A Revolution of Resovolutions

A Revolution of Resovolutions

in Blog Article by Jeff Hare

Part of our 2024 Resovolutions is to revolutionize the way organizations identify, manage, and mitigate risk in their ERP systems. Application security design and management risks produce a significant, immature control within organizations. Management knows these risks are often not being managed properly. The benefits seem to outweigh the risks when you consider:

  1. The long-term cost of acquiring software,
  2. Monitoring risks and keeping the current,
  3. And keeping staff on task and educated.

Traditionally, there have been two types of software – the first being identity and access management (IAM). The second category of software is typically used for compliance to test application access controls.

Software Types & the Risks

Let’s Set the Stage, from Problem to Resovolution…

To understand our 2024 resovolutions, you must first understand the problem. Identity and access management software (IAM) manages identities across all (or most) IT systems. This allows for automated provisioning and de-provisioning of users, as well as changes to a user’s access as roles change.

Application access controls software is leveraged to test Segregation of Duties (SoD) conflicts and to a lesser extent, sensitive access risks (SA). This category is most often used for testing compliance risks such as Sarbanes-Oxley, J-Sox, and UK-Sox.

Implementation projects related to these systems often start in the six figures and rise from there. These projects will likely repeat during significant upgrades. Which typically are every two to five years for on-premise applications such as Oracle E-Business Suite and SAP. The way software is traditionally sold and implemented makes the cost outweigh the value. Often organizations choose not to implement and maintain their own software, but instead rely on expensive contracts with the Big 4 and other large risk advisory firms to test these controls. On the other hand, organizations take a wrong turn with a “hope and pray approach” and wait for the external auditors to test these controls as part of their annual audit.

The Plot Thickens…

Historically, the effectiveness of external auditors is hit or miss. Mostly a miss… either by over scoping or under scoping risks. As I say to clients regularly, “they throw a bunch of crap up on the wall and see what sticks”. Their rationale for what they include and exclude seems at times to be at random.

The world is rapidly moving to SaaS ERP applications where patches are mandatory two to four times a year. These patches / releases introduce changes to the systems on a regular basis. New features are a driving factor on why organizations implement systems such as ERP Cloud, NetSuite, Workday, or others.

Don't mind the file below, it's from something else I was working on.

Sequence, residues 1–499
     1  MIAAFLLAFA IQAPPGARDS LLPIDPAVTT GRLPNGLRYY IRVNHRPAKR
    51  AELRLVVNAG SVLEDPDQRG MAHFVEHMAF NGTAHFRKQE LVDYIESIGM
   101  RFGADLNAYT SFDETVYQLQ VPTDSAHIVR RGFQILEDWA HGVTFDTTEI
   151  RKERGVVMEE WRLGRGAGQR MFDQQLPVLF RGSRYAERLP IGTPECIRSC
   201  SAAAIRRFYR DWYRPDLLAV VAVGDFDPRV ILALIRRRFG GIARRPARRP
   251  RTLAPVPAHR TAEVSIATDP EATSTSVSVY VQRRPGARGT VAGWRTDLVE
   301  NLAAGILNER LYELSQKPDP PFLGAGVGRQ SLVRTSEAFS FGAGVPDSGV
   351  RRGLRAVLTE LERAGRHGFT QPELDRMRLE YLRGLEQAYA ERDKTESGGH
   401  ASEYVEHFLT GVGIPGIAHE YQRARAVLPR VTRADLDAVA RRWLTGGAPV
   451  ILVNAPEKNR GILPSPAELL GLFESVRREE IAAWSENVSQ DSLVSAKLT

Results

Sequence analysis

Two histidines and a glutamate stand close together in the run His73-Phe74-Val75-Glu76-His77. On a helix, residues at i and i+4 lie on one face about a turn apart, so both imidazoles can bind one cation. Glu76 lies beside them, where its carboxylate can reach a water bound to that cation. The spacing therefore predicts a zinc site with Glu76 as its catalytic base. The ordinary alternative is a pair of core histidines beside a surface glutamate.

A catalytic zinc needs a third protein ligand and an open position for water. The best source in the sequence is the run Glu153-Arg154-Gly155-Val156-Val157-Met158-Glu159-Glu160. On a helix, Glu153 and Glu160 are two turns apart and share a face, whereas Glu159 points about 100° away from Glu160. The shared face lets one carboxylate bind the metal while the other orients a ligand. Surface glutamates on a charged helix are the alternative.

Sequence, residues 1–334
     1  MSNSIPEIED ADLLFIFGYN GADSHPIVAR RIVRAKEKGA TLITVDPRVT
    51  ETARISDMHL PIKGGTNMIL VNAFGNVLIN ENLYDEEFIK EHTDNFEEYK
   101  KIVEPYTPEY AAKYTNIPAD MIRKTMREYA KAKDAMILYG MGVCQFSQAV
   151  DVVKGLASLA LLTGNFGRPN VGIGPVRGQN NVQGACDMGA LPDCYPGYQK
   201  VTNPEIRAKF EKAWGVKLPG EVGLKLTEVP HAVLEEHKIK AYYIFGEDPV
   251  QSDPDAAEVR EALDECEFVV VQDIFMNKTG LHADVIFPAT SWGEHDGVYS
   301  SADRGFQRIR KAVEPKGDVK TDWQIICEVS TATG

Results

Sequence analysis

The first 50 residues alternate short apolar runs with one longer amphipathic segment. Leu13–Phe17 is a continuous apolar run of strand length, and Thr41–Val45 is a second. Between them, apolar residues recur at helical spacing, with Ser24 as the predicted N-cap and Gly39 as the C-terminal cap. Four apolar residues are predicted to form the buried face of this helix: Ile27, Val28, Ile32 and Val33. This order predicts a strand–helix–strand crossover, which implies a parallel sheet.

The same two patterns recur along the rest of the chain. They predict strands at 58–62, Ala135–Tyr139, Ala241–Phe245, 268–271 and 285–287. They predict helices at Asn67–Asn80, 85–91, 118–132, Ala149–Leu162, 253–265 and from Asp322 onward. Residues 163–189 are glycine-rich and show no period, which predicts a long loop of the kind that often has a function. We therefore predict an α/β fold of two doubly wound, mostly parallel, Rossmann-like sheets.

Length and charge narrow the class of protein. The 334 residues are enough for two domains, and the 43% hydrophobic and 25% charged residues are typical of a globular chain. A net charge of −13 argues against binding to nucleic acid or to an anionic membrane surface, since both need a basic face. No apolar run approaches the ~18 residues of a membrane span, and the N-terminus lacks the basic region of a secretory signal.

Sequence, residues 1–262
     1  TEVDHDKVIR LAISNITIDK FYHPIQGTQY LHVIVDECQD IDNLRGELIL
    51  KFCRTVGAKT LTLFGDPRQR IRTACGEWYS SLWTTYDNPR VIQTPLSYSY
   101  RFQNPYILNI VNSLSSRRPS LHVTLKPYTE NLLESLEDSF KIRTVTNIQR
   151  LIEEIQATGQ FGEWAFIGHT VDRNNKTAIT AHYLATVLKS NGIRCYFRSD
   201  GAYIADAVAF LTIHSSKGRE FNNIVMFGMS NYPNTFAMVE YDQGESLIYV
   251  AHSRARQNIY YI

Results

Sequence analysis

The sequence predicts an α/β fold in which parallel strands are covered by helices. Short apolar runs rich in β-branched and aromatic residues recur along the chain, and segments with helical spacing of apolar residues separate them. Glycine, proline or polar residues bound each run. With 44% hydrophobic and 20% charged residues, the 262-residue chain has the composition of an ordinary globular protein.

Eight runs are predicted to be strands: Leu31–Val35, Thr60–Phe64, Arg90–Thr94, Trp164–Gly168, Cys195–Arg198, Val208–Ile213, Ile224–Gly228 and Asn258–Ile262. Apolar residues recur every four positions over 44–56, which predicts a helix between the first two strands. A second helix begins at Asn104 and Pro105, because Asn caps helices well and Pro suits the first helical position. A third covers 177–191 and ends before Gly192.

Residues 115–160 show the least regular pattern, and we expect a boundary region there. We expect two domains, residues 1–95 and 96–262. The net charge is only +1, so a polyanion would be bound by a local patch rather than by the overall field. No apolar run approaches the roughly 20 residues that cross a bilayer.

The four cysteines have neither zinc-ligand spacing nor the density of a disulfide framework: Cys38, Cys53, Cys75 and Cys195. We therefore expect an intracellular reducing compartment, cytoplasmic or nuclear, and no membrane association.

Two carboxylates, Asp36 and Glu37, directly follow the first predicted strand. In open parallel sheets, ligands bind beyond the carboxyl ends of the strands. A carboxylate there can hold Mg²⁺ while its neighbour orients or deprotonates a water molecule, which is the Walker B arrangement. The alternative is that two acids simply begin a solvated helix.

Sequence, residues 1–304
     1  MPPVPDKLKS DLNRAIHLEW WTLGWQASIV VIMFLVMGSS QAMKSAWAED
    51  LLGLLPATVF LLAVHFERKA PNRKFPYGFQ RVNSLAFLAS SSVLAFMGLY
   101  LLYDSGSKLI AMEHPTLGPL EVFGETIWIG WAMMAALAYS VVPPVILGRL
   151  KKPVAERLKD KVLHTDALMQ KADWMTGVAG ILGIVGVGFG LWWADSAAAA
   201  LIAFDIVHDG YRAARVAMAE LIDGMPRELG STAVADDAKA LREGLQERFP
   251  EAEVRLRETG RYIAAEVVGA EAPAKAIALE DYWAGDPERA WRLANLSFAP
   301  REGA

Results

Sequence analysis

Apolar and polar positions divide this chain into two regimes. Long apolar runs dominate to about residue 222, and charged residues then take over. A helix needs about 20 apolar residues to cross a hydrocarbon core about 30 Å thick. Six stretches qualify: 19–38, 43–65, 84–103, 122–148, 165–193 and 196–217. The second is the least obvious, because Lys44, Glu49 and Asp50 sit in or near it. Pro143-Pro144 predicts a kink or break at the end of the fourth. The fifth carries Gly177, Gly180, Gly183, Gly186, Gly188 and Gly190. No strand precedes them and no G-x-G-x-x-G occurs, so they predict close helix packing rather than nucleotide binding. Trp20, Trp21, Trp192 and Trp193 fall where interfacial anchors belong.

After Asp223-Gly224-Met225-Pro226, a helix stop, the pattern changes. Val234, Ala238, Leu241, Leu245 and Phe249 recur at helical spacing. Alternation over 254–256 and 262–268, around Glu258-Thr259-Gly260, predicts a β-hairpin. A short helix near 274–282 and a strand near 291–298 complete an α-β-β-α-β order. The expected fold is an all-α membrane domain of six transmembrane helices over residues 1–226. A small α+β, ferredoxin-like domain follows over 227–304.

These perpetual patching cycles demand management to identify, manage, and mitigate new risks on a regular basis. Each patch cycle is a mini-upgrade project. Identify changes and new features…. Test, test, test to make sure everything works as expected. Then, evaluate whether seeded or hybrid roles have new abilities added to them which make them appropriate or not for their users. And then finally, we hope and pray the patches / releases applied to their DEV environment are the same as what is applied to Production.

SaaS applications have also introduced new cyber security risks. Traditionally, one may find the “keys to the kingdom” systems behind a firewall in secure networks and data centers. The old adage was to ‘protect the perimeter’. If the bad guys can’t penetrate the network, our data and systems are safe – or so management thought.

So Where is the Problem?

This is why our 2024 resovolutions are so critical now. We are witnessing the greatest digital transformation process since Y2K. Covid-19 and the work from home environment has made it almost mandatory to use SaaS applications. So, management has decided to use internet facing applications to support the new world we live in.

A traditional view of cyber security is blind to the new risks. Management has decided to outsource ‘protecting the perimeter’ to cloud hosting and SaaS ERP system providers such as: Oracle, NetSuite, Workday, Salesforce, and SAP. This strategy is fantastic when ALL risks are under their protection. However, an issue we see management falling into is not identifying a firm specializing in cyber security AND one who has specific expertise with the ERP systems they are implementing. A vast majority of the cyber security firms do not have expertise in how SaaS systems are configured and secured. If cyber security firms do not have this expertise, this leaves these systems vulnerable to fraud, compliance risk, PII, PHI, and other data security risks.